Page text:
The new moon appears, and hence, the new lunar cycle at The Yoga Forest begins. Permaculture interns will arrive, huffing and heaving up the steep stairs by the idyllic little waterfall that gushes clear water down the mountain.
Yoga interns will arrive, puffing and panting (and perhaps wishing they’d done even more yoga before arriving) their way into the open communal space.
New teachers, new students, same space, different energy.
A fresh season for growth and community. A new group of beautiful people arriving from all over the world to create a new month of beautiful community.
Knowing that I won’t be a part of this coming community is a wee bit heartbreaking for me — but I’m tremendously thankful for every moment of community I’ve been lucky enough to experience in this breathtaking place.
I leave The Yoga Forest tomorrow morning after breakfast (a breakfast I will miss profoundly. I’ve never been blessed with so much papaya and peanut butter in my life) to continue my journey north towards San Cristobal de las Casas.
To feel closure and peace about packing my bags and moving on, I’m taking the time now to consider the highlights of this experience (other than the papaya and peanut butter). The people. I can’t emphasize enough how much I’ve loved the people who’ve touched my life here or how much I’m going to miss them. I’ve made friends during the past month with whom I’ve experienced remarkably deep, loving , supportive connections. Not a day has passed without an intimate conversation or a devotional Bhakti gathering
Not a day has passed without me getting to learn something delightful or intriguing about a different language or culture.
For instance. Fladermuus. Fladermuus means bat in Swiss German. Fladermuus. It’s one of my new favorite words and I say it frequently and with great enthusiasm.
2) The kittens. Enough said.
3) Embracing yin yoga and yang yoga. Never before have I been in a situation wherein I’ve begun the day with yang and ended the afternoon with yin. And I’ve never felt quite so balanced in my body. For the last few years, my life has very much operated in the world of extremes. In fact, I’d say that I’ve been operating about 100 percent full-blown yang. And the daily interplay of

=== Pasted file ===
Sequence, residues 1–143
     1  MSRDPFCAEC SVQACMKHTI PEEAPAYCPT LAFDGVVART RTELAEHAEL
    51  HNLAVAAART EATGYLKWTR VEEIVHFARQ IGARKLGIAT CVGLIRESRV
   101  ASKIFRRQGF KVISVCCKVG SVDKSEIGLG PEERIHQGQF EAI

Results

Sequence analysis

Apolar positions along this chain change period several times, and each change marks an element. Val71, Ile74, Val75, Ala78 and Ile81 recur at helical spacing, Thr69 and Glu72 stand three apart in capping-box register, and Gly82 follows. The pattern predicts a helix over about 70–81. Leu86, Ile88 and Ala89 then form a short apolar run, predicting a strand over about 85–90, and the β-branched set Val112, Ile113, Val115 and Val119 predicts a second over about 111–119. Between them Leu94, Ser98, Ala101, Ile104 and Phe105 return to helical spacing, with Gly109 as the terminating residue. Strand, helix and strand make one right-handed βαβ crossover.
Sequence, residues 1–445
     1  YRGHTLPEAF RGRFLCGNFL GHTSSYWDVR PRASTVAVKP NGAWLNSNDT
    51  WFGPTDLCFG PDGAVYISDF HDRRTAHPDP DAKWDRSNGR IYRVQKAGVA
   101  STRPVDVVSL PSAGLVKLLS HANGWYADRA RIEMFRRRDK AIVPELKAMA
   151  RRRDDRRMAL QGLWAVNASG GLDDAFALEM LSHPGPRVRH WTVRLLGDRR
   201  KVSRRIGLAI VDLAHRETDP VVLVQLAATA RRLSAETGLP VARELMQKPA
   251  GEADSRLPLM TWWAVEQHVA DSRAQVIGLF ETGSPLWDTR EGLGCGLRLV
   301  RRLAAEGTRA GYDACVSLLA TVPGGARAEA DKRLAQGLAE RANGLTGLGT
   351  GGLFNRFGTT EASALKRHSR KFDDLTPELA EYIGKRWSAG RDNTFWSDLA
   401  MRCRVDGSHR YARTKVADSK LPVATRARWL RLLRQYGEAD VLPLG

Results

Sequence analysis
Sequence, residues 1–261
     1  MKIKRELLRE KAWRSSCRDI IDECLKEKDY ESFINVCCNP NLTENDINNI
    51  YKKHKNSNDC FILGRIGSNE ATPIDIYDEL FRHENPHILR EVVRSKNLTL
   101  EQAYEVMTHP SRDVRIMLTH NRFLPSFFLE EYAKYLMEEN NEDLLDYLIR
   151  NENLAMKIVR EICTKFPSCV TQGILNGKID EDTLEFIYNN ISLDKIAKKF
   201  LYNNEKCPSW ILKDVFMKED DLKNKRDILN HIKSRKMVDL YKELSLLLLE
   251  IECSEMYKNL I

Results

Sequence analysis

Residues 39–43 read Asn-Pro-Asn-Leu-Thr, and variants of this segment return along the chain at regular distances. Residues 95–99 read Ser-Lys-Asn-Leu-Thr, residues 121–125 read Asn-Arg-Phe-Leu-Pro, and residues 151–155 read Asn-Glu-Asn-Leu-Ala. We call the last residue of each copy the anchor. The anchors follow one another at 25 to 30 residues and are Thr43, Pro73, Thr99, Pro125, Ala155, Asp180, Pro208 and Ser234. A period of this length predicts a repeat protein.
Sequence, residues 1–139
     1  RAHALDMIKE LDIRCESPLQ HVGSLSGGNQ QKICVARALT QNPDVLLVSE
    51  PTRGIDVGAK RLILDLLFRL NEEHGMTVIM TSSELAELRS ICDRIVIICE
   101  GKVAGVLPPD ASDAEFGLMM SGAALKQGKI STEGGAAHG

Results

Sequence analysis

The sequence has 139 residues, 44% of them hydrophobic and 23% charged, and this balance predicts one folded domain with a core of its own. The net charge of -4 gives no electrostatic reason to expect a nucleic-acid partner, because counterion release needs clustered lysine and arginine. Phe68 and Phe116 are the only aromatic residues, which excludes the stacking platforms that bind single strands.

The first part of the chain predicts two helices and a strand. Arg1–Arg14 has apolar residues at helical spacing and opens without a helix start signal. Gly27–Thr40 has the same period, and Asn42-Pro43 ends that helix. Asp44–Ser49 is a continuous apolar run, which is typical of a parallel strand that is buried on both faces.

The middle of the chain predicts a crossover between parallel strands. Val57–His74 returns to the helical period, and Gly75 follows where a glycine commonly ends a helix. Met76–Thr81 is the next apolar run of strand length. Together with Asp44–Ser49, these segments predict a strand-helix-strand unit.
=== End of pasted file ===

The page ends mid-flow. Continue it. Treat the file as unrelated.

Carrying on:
yin and yang asana practice has helped me discover my imbalance and to actively pursue more restoration and relaxation in my life.
4) Being able to share acro yoga and thai massage with guests and being able to learn a bit about silks. Something so exciting about living in this sort of space is that just about everyone who comes here has something fantastic that they’re enthusiastic to share. This is a place where we share our gifts and we keep ourselves open, receptive, grateful to receive the gifts of others.
5) Waking up every morning seeing this:
Change is always hard. Moving away from The Yoga Forest is a change I’m not exactly looking forward to, but it’s part of learning how to let go and flow with life. Now is the time to take the lessons I’ve learned in community, leadership and balance and to bring them with me to San Cristobal de las Casas.
And because I adore quotes ever so much, I’m going to close my final blog post for The Yoga Forest with two quotes on change.
You are the universe in ecstatic motion.
The way to make sense of change is to plunge into it, move with it, and join the dance. ~Alan Watts
Blog post by Aimee Bourget